Monday, March 18, 2019

Inspire Me Monday #219: Easy Seasoning with Corned Beef Spice


The picture comes from a home-cured corned beef recipe on the Simply Recipes site. Go there to give it a try if you wish!

It was Saint Patrick's Day yesterday, and I tried my hand at making corned beef. I bought the corned beef brisket, which came with a little spice packet, from my local King Soopers. 
It wasn't exactly a roaring success. My son deemed it "okay but a little tough" on the night it was cooked and served. He didn't have any of it the next day. I tried frying it up with an egg and some cheese toast for my lunch, and it was inedible.
As I am recovering from a psychological downslide last week, I'm being kind to myself and not beating myself up for the failed corned beef. Here is what I learned from the experience.
Corned beef is expensive. We're on a tight budget. The Kroger pre-seasoned pork loins are a much better deal, and sometimes they have decent specials on tilapia. There is a tilapia farm in Southern Colorado, and I don't know why the grocery stores import their tilapia rather than buying it from U.S. fish farms, but that is a subject for another time.
The spice packet that comes with the brisket?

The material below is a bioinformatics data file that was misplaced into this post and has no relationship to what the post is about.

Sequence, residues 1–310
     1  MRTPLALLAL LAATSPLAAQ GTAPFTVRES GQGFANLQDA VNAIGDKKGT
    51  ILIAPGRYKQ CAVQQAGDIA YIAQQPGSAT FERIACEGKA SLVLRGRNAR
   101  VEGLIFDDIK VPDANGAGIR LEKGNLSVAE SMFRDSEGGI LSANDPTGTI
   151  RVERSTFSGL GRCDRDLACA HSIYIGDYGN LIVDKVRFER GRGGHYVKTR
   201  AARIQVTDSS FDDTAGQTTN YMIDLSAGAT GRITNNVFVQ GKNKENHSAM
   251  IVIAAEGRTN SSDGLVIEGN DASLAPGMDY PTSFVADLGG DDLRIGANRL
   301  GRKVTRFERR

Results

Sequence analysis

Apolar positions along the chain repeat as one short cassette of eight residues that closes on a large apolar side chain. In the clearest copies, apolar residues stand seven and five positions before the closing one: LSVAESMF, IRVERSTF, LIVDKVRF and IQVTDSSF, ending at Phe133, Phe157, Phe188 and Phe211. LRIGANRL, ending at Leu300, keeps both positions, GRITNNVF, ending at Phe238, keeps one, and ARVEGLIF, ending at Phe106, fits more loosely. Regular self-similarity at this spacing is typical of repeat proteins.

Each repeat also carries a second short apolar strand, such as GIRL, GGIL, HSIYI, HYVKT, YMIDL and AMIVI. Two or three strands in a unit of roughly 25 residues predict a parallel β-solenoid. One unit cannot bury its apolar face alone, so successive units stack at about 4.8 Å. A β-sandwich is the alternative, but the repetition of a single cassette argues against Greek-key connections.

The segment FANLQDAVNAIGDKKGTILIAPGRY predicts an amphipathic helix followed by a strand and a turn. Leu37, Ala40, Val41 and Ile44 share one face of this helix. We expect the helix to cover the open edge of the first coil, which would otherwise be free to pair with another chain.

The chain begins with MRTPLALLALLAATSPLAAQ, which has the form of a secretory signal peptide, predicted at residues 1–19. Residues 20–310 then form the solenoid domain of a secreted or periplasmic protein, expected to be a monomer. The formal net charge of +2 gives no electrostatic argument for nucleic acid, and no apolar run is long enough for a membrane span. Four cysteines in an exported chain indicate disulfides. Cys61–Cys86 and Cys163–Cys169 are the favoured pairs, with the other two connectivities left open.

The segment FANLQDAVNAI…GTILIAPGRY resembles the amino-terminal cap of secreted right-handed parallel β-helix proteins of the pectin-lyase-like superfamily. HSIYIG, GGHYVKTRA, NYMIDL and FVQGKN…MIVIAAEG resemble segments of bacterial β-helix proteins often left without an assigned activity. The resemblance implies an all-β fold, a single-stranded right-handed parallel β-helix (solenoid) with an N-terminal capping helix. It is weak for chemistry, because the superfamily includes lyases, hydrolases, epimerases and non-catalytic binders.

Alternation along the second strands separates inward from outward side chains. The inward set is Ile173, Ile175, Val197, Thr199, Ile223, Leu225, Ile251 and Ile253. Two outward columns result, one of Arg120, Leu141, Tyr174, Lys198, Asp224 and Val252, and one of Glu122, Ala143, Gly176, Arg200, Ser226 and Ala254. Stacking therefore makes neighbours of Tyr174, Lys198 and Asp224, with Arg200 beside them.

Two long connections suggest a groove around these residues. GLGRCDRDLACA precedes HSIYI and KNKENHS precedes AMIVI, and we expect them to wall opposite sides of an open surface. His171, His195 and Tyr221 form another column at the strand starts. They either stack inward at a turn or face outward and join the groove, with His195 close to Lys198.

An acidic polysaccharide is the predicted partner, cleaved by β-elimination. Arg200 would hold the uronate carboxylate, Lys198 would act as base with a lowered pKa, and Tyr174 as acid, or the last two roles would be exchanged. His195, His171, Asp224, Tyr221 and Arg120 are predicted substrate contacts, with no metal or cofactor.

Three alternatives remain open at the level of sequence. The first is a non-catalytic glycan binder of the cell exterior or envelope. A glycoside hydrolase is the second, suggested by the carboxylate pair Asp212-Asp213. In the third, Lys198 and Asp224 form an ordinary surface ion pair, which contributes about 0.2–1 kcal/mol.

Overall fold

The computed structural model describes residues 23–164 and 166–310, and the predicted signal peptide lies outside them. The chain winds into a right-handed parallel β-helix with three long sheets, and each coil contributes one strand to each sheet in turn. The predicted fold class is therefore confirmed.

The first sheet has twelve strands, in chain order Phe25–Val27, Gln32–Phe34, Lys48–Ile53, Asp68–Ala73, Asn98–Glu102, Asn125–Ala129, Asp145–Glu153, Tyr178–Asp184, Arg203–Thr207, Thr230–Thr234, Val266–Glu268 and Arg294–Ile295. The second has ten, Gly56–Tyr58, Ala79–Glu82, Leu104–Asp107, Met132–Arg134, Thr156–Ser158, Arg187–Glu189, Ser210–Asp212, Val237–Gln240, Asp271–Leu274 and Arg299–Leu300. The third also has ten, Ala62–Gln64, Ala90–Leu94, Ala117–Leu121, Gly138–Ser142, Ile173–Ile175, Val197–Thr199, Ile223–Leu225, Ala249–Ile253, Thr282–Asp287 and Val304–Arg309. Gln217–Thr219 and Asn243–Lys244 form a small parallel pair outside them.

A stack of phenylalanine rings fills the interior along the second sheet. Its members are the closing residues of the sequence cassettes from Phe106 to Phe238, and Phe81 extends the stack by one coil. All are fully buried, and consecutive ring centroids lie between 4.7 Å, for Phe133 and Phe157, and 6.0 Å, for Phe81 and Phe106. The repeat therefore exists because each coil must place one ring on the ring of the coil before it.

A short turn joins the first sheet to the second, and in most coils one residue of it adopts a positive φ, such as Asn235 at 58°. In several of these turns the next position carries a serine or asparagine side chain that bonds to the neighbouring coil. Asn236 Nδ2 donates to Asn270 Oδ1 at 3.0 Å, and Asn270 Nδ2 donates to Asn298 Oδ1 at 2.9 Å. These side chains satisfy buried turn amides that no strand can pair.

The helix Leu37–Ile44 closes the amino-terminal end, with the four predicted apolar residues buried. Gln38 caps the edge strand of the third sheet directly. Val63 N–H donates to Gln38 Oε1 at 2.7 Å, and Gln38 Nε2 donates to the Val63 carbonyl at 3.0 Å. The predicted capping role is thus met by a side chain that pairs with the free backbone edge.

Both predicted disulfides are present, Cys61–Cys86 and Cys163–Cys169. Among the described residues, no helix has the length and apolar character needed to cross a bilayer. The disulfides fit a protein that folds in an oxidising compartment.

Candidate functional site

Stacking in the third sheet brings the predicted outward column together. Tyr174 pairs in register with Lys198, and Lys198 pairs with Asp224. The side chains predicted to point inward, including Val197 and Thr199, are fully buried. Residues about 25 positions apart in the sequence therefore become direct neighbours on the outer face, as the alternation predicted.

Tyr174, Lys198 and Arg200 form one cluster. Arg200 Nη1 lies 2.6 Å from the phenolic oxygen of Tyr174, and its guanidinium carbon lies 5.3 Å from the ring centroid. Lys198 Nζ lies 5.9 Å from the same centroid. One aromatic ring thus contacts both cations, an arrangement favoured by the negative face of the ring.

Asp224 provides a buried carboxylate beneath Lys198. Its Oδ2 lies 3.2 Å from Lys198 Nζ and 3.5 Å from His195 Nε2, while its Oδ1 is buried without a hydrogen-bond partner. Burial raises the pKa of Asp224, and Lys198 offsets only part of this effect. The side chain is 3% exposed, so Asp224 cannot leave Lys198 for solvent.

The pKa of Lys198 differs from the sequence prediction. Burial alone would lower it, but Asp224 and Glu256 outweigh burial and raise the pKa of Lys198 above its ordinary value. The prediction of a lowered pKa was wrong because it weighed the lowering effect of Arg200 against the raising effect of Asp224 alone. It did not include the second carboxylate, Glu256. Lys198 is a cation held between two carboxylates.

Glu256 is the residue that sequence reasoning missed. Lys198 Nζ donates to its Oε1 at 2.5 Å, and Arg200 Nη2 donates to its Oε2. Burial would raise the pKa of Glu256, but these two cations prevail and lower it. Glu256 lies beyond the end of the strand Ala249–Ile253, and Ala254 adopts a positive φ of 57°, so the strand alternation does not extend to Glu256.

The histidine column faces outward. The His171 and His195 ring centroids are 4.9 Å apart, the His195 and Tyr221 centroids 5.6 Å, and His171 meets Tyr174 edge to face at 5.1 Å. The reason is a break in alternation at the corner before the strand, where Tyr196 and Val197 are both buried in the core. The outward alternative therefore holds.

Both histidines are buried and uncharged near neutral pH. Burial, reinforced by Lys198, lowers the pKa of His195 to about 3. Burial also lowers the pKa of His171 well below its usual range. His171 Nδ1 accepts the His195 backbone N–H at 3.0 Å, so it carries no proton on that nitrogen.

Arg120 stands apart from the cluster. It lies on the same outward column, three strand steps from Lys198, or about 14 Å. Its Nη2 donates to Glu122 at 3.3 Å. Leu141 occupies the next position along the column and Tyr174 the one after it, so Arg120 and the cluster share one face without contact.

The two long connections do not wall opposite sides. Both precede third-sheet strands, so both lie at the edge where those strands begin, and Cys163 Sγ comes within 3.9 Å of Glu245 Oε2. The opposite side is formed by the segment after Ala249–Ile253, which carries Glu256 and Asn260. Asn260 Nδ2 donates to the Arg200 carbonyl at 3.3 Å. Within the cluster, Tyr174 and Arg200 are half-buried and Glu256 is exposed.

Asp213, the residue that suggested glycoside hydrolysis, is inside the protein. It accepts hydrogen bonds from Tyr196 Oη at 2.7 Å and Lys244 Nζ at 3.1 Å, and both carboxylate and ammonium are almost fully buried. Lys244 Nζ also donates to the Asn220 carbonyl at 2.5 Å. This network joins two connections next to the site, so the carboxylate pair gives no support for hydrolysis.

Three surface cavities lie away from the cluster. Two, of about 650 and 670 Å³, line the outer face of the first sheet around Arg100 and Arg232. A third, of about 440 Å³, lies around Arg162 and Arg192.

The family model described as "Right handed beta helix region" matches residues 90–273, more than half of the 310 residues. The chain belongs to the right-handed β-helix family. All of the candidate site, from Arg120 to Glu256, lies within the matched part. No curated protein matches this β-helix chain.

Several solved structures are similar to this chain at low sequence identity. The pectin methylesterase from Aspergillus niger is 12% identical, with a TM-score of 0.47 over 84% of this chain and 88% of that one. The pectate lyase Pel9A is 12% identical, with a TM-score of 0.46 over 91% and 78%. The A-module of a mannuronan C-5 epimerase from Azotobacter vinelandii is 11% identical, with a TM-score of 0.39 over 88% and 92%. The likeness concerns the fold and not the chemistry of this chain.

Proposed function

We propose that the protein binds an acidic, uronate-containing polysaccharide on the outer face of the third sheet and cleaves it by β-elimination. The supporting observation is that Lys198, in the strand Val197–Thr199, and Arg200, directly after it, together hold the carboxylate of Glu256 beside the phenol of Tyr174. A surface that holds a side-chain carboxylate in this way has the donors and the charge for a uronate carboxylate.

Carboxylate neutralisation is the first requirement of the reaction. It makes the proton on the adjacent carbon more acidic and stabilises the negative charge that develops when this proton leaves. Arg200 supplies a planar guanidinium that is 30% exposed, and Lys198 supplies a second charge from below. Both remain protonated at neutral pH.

Those are pickling spices, and they are not expensive.
While my brisket was a failure, the vegetables I cooked with it were fantastic! 
I cooked everything at 300 degrees for one hour per pound on the meat. The brisket was 2.5 pounds, so I cooked it for 2.5 hours. 
If I am cooking the vegetables by themselves I will add vegetable stock to replace the meat juice and add pickling spices to the vegetable stock. Roasting them low and slow works nicely, or I can boost the temperature and cook them alongside the pork loin. 
The pork loins generally cook at 350 for 45 minutes. I find that I need about 15 extra minutes for cut potatoes to be cooked properly, so I put them in first and then put the pork loin in after 15 minutes.
Using Reynolds Wrap to make a tent for the vegetables helps seal in the steam to cook them evenly. Line the bottom of the pan with Reynolds Wrap as well for easier cleanup. I like to make extra potatoes to use for home fries the next day. They go great with a sandwich or bacon and eggs.
I'm going to experiment a bit with using pickling spices and stock with cheap cuts of meat and vegetables for hearty stews in the slow cooker. There is no need for my broke self to spend an arm and a leg on an expensive corned beef brisket when it's the spices that make it special.
Another great thing about pickling spices?
I can use them to make fresh homemade pickles too!

~Cie~


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